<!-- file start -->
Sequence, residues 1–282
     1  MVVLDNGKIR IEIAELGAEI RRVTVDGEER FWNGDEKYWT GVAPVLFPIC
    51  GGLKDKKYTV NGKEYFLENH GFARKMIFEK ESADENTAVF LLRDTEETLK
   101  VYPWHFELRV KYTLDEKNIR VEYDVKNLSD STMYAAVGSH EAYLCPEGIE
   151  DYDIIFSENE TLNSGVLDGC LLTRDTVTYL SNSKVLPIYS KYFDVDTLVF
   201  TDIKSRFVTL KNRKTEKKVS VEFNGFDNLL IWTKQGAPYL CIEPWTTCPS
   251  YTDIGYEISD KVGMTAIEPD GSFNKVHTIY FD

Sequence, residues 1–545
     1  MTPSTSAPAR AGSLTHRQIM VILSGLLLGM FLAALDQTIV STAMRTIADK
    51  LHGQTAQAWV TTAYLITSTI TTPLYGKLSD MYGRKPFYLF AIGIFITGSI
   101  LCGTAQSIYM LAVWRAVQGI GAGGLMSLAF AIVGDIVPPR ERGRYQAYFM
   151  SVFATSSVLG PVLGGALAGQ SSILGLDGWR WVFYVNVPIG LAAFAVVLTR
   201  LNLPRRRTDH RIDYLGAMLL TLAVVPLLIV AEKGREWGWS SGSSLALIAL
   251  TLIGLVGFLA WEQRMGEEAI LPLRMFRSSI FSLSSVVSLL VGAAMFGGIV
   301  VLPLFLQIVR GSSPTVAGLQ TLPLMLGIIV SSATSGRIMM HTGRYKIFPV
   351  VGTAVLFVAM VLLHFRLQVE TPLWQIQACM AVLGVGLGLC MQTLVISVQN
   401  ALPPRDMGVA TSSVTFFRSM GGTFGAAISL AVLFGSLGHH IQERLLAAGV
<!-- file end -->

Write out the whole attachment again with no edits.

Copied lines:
Sequence, residues 1–282
     1  MVVLDNGKIR IEIAELGAEI RRVTVDGEER FWNGDEKYWT GVAPVLFPIC
    51  GGLKDKKYTV NGKEYFLENH GFARKMIFEK ESADENTAVF LLRDTEETLK
   101  VYPWHFELRV KYTLDEKNIR VEYDVKNLSD STMYAAVGSH EAYLCPEGIE
   151  DYDIIFSENE TLNSGVLDGC LLTRDTVTYL SNSKVLPIYS KYFDVDTLVF
   201  TDIKSRFVTL KNRKTEKKVS VEFNGFDNLL IWTKQGAPYL CIEPWTTCPS
   251  YTDIGYEISD KVGMTAIEPD GSFNKVHTIY FD

Sequence, residues 1–545
     1  MTPSTSAPAR AGSLTHRQIM VILSGLLLGM FLAALDQTIV STAMRTIADK
    51  LHGQTAQAWV TTAYLITSTI TTPLYGKLSD MYGRKPFYLF AIGIFITGSI
   101  LCGTAQSIYM LAVWRAVQGI GAGGLMSLAF AIVGDIVPPR ERGRYQAYFM
   151  SVFATSSVLG PVLGGALAGQ SSILGLDGWR WVFYVNVPIG LAAFAVVLTR
   201  LNLPRRRTDH RIDYLGAMLL TLAVVPLLIV AEKGREWGWS SGSSLALIAL
   251  TLIGLVGFLA WEQRMGEEAI LPLRMFRSSI FSLSSVVSLL VGAAMFGGIV
   301  VLPLFLQIVR GSSPTVAGLQ TLPLMLGIIV SSATSGRIMM HTGRYKIFPV
   351  VGTAVLFVAM VLLHFRLQVE TPLWQIQACM AVLGVGLGLC MQTLVISVQN
   401  ALPPRDMGVA TSSVTFFRSM GGTFGAAISL AVLFGSLGHH IQERLLAAGV